Atom, Athlon, or Nano? Energy-Savers Compared

Atom Platform: ECS 945GCT-D

ECS puts Intel’s 945G chipset and the Atom 230 processor on a mini-DTX form factor, which is somewhat funny given that AMD introduced DTX. The mini-DTX dimensions are only slightly larger than those of mini-ITX, which is used by VIA. The increased footprint is large enough to accommodate a x1 PCI Express slot and a 32-bit PCI slot for expansion cards. The VIA EPIA board only offers one x16 PCI Express slot.

945G Is A Curse And A Blessing

Intel’s chipset strategy in the low-power segment is questionable—while the Atom processor represents the maximum power savings on an x86 processor, the chipset is already three generations old. The 945G supports most of the necessary features such as DDR2 memory, plenty of USB 2.0 ports, PCI Express, and an UltraATA/100 channel for legacy devices, and it is extremely compatible thanks to its age and maturity. You’ll be able to run virtually any system on an Atom processor based on the 945 chipset family.

However, the aged chipset does not match the Atom’s efficiency in any way. It is a desktop chipset that has desktop power requirements, which means that it is in the area of 15 W or even more. Compared to the processor’s 4 W TDP, this almost makes a mockery out of Intel’s platform approach. We understand that using 945G makes perfect sense from a business standpoint, but it does by no means reflect Intel’s claims of providing balanced platforms. It more about low cost than it is low-power.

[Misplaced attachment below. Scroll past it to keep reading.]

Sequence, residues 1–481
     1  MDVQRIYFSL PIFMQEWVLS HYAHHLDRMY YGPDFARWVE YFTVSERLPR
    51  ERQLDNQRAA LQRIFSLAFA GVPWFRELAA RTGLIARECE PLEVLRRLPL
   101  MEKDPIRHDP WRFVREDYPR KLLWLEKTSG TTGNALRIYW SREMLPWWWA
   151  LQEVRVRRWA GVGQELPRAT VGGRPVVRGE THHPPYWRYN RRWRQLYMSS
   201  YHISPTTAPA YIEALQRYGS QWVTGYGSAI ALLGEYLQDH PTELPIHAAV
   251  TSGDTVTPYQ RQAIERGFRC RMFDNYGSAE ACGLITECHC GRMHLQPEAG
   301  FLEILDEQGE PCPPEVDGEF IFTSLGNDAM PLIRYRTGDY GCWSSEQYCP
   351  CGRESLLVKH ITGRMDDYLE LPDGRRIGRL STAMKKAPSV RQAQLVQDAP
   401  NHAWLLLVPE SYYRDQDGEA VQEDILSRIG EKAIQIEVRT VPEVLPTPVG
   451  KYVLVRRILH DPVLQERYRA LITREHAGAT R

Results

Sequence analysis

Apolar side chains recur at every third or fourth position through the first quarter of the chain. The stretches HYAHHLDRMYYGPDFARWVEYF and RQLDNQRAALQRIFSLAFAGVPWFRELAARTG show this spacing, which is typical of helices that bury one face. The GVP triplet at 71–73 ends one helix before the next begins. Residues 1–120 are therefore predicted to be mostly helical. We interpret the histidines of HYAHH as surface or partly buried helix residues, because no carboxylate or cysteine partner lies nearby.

Average Features

The ECS 945GCT-D offers all the 945G chipset features including multiple USB 2.0 ports, two SATA ports, Gigabit networking, HD audio, and UltraATA/100, but it does not offer digital display outputs. The serial port may be helpful for some applications-–VIA has one, too. Gigabyte doesn’t offer this on the 780G board for the Athlon 64 2000+.